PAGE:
From a piece by Nick Lyons, “Following a Fluid Trail Even Higher,” originally published in the New York Times “Outdoors” column on February 22, 1996 and reprinted in the excellent book of essays, Upriver and Downstream. His curiosity compelled him to trace the trails of rivers and reservoirs feeding New York City, further and further upstream, into the Catskills and to the headwaters streams that hold what are, in too many places, the last of our native brook trout:
These are wild brook trout — five, six, sometimes eight inches, on rare occasions a foot long. They have flanks as smooth as an otter’s skin, a dark mottled back, rose marks the color of wild strawberries, and striped fins. They wiggle like live jewels when you hoist them out of the water.
Greedy and wanton to their near extinction, vulnerable, full of a wildness that cannot protect itself, these fish are the ultimate symbol of piscatorial wildness, and it delights me to catch a dozen on barbless hooks and slip them swiftly back into their element. When I first climbed to the fountainhead of all city water and saw them, I stopped thinking of exotic Canadian fish and knew I had found a quiet place that satisfied all my longings.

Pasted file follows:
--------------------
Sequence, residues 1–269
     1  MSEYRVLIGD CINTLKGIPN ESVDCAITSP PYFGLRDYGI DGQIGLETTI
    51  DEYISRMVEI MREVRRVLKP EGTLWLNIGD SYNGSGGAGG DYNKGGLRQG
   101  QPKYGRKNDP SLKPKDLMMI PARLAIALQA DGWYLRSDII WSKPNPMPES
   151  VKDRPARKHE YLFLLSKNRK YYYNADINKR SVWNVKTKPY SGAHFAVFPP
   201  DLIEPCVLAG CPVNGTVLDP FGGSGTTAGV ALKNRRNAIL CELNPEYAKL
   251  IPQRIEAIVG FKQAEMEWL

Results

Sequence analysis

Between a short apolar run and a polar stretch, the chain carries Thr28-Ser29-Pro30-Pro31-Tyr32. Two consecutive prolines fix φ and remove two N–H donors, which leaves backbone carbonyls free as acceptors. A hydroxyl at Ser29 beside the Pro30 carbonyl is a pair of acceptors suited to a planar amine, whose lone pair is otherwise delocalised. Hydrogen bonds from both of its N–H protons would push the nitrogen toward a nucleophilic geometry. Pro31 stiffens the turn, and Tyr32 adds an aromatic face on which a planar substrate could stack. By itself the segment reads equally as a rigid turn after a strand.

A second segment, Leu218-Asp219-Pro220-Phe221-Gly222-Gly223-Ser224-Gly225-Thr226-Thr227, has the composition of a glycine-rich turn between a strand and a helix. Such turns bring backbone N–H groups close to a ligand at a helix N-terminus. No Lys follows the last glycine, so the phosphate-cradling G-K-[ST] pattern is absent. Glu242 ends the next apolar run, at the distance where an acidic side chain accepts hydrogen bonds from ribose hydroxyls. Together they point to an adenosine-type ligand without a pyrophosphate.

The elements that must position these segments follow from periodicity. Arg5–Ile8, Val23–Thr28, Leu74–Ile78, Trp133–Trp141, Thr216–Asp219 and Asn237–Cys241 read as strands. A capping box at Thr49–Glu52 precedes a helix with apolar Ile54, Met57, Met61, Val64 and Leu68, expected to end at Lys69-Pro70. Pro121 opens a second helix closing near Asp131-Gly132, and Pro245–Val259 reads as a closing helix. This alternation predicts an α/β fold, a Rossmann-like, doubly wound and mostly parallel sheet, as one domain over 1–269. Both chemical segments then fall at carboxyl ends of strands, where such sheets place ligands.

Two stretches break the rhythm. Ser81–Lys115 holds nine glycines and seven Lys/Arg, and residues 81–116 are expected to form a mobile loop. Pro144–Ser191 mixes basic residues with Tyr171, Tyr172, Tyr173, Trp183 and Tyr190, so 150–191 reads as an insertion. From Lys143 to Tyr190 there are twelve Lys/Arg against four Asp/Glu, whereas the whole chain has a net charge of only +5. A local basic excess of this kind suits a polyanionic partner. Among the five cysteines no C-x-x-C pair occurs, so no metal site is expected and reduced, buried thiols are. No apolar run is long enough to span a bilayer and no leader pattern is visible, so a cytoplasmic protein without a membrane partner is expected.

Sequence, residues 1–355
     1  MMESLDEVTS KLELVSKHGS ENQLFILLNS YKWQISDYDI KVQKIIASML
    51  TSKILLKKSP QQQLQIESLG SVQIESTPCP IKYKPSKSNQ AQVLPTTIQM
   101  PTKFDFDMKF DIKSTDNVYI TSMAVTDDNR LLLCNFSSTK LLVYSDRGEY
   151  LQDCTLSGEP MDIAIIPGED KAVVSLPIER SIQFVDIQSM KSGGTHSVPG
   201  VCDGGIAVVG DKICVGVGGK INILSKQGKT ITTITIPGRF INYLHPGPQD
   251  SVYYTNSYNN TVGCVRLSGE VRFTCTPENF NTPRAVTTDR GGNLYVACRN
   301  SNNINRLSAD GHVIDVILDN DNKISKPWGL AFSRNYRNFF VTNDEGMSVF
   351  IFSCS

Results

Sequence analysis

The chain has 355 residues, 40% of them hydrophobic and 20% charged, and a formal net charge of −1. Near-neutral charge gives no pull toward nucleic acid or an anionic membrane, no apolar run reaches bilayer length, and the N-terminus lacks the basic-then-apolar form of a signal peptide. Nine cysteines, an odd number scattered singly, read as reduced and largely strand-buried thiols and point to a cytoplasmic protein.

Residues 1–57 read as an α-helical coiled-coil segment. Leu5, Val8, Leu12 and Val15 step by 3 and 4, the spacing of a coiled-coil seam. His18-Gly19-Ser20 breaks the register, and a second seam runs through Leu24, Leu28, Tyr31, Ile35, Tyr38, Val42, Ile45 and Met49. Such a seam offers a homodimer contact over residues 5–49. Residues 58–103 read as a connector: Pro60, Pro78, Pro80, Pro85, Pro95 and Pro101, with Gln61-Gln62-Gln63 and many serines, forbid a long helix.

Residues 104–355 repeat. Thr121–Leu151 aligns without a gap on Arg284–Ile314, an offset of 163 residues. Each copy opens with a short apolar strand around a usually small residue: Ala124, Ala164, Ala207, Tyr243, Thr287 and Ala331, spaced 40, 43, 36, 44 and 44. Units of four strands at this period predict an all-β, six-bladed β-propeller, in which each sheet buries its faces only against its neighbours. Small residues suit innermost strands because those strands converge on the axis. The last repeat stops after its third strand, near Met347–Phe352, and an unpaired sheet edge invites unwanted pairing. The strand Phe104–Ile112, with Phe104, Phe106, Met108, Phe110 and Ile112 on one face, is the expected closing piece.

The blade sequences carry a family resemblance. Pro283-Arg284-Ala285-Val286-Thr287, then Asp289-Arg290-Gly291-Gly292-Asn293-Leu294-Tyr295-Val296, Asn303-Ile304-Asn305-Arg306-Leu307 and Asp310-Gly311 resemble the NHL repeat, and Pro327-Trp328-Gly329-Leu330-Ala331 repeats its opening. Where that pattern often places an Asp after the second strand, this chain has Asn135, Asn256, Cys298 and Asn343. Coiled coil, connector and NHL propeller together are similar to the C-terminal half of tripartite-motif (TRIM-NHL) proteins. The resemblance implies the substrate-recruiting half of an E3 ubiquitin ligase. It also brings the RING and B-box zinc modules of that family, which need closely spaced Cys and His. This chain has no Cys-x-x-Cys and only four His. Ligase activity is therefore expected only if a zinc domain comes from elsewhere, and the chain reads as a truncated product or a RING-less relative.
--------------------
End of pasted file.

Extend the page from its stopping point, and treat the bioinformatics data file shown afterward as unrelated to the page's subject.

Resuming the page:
Little do these diminutive flashes of light and color know the fate, downriver, of the precious, pure liquid in which they flourish. Little do they care — so long as it is there, so long as the great cities do not drink them into extinction. They are beautiful, rare creatures that dance in my head and I think of them even now, in the dead of winter, every time I turn on and turn off the faucet.
For people who cannot comprehend why anyone goes to the lengths they go in order to catch these little fish, this passage may help reveal what captures the imaginations of those of us who do this. Or maybe not, in which case a lot of hope for humanity is simply gone.